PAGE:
Updated: Tuesday, 28 March 2017
Finally, India is progressing towards a stigma-free society. Last day, on Quora, a person asked me, that she doesn’t like people with Asperger’s Syndrome, so is that wrong. I explained to her how she was building up a stigma within herself, and how it was not good for her mental health also; I referred to her an article on A Clean India, free from taboos, stigmas and misconceptions and hence someone commented on the post with an acute sarcasm, “A Clean India? Haha…you have centuries to go”, well I was really embarrassed to find what people conserve about India and their attitude towards a social cause.
But today, I can proudly answer the person, that it won’t take centuries anymore to preserve and emancipate the rights of mentally growing population of our Nation; stigma is gradually getting down-marked with the ink eraser of law.
The Parliament on Monday passed the ‘Mental Healthcare Bill’ in the Lok Sabha. The bill was previously passed in the Rajya Sabha in August last year. This bill intends to replace the Act of 1987 which is found to be inadequate for people with mental health challenges, in the present scenario.
This is a very progressive step towards securing a position for this particular population, which, though not correctly measured, should be 6-7% of Indian population according to the statistical reports of 2005.
Till date, people suffering from depression, stress or anxiety feared to voice their problem openly as because the society could call them ‘mad’, if they opted for treatment; even 1-2% who were severely affected by schizophrenia or PTSD found no help in their locality, as because good mental health treatment and psychiatric therapy was not common in all clinics, hospitals and the like areas.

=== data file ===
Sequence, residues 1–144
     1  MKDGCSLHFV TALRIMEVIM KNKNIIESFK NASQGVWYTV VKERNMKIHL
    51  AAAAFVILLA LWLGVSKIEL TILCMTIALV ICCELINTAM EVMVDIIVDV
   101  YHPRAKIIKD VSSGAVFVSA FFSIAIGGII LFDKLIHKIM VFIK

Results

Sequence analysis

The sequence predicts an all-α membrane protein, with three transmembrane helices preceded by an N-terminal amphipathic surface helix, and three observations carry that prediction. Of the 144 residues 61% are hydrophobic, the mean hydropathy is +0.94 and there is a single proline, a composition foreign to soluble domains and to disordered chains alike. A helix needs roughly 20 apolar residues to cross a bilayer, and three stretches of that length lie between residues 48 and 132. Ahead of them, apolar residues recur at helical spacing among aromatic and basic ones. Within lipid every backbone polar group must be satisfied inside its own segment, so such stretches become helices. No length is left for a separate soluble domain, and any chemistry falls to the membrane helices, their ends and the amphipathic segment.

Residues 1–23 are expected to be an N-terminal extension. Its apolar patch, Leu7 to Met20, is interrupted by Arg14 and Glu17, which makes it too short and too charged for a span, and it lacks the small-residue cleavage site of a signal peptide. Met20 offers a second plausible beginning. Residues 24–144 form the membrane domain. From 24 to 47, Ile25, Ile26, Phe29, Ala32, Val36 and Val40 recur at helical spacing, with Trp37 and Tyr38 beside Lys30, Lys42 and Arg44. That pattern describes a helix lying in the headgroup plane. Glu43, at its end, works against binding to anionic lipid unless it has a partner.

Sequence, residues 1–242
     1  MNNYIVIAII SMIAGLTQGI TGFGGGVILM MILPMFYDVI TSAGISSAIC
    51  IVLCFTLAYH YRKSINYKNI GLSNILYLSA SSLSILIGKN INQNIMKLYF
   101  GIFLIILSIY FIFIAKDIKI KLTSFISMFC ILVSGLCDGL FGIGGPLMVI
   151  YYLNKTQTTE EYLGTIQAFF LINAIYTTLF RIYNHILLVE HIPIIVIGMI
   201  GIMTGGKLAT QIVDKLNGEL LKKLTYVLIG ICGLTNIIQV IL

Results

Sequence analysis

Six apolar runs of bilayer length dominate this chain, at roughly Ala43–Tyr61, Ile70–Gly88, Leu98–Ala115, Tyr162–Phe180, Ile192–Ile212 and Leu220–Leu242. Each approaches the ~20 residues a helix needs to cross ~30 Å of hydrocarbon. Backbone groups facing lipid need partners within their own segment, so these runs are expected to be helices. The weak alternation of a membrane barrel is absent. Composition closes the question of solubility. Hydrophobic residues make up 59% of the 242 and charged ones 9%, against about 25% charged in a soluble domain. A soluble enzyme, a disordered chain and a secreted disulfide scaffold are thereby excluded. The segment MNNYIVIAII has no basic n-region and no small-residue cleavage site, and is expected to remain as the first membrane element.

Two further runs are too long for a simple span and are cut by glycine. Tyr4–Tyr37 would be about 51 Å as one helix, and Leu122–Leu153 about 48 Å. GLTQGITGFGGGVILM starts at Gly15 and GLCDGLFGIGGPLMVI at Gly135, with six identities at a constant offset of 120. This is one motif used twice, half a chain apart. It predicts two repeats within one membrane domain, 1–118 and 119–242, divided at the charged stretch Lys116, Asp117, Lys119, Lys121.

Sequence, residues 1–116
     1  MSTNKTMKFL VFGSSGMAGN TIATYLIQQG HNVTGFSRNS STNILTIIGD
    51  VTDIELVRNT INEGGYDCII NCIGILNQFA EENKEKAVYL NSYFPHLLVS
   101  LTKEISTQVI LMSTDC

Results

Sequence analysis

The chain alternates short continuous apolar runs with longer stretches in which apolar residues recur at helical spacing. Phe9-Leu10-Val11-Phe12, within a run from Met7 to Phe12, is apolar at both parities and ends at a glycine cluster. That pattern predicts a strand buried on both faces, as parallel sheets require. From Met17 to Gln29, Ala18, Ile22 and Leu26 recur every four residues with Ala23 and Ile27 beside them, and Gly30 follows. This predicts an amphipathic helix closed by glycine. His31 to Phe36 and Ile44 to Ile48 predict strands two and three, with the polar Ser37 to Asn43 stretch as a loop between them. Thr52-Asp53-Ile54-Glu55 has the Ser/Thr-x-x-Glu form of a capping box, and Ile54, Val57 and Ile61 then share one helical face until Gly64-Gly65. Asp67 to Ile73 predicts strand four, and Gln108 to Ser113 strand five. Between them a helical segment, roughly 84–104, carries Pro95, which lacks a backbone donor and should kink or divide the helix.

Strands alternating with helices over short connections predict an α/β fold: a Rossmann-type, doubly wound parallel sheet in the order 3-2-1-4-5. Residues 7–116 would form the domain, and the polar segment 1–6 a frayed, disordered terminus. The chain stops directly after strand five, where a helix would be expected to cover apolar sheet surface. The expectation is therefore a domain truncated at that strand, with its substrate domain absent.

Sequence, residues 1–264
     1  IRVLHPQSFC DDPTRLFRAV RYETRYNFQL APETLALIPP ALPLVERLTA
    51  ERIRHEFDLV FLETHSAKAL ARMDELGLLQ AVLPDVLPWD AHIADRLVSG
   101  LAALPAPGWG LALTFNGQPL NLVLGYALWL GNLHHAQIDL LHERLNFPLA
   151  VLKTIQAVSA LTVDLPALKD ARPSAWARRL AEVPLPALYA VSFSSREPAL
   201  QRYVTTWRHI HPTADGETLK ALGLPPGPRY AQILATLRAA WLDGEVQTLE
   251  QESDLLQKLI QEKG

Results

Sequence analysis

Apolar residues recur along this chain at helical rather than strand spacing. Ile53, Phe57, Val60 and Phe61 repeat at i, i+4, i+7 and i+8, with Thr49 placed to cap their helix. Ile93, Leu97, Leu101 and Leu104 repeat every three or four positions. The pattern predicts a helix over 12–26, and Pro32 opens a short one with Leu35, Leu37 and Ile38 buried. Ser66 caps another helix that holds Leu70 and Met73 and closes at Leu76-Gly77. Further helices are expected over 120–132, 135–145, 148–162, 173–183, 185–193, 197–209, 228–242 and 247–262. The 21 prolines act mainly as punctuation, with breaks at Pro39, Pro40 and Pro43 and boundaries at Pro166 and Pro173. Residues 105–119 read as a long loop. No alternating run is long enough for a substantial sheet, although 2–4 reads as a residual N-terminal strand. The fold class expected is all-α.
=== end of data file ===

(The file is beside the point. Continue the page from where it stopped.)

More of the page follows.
The picture we had in mind reflected, that people with any kind of disillusionment were sent to the asylum where they were given electric shocks to pacify activity, irrespective of diagnosis.
However, the new bill passed, guarantees every individual the right to access mental health care facilities irrespective of caste, creed and colour.
The Bill states that “every person the right to access mental health care and treatment from the government. This right includes affordable, good quality, easy access to services such as minimum mental health services in every district. Persons with mental illness also have the right to equality of treatment and protection from inhuman and degrading treatment.”
The Bill also ensures that every individual have the right to protect themselves from “inhuman and degrading treatment” and establish “right to equality of treatment…. and complain regarding deficiencies in provision of mental health care”.
So this is a huge step towards fighting social stigma and attitude towards mental health. When the law declares a behaviour as nuisance and punishable, it automatically reduces in volume; we all remember how dowry and domestic violence on women, had to be legally declared as offence, to protect women’s rights; we have not been able to eradicate it completely, however, the society cannot practice such things freely anymore.
The most important aspect of this Bill is on decriminalizing of suicide, which was very much required.
“A person who attempts suicide shall be presumed to be suffering from mental illness at that time and will not be punished under the Indian Penal Code. Electro-convulsive therapy is allowed only with the use of muscle relaxants and anaesthesia. The therapy is prohibited for minors.”
The Bill also specifies the process and procedure to be followed for admission, treatment and discharge of mentally ill individuals. A decision to be admitted in a mental health establishment shall, as far as possible, be made by the person with the mental illness except when he is unable to make an independent decision or conditions exist to make a supported admission unavoidable.”
Hence a lot of queries regarding mental healthcare therapies are already answered.
However, the Bill is delegated to a few challenges in implementation as well. The Bill doesn’t include any specification on the guardianship of a mentally challenged individual; what will be his rights and duties towards the individual etc. hence a person with severe mental health problem may not get a secure guardian for survival and guidance.
Also it doesn’t discuss the financial source for the treatment facilities which will be provided to people with mental health deviations.
However, the Bill is a form of motivation for every Indian citizen and we can breathe a sigh of relief as because this a global measure towards promotion of awareness and good mental health.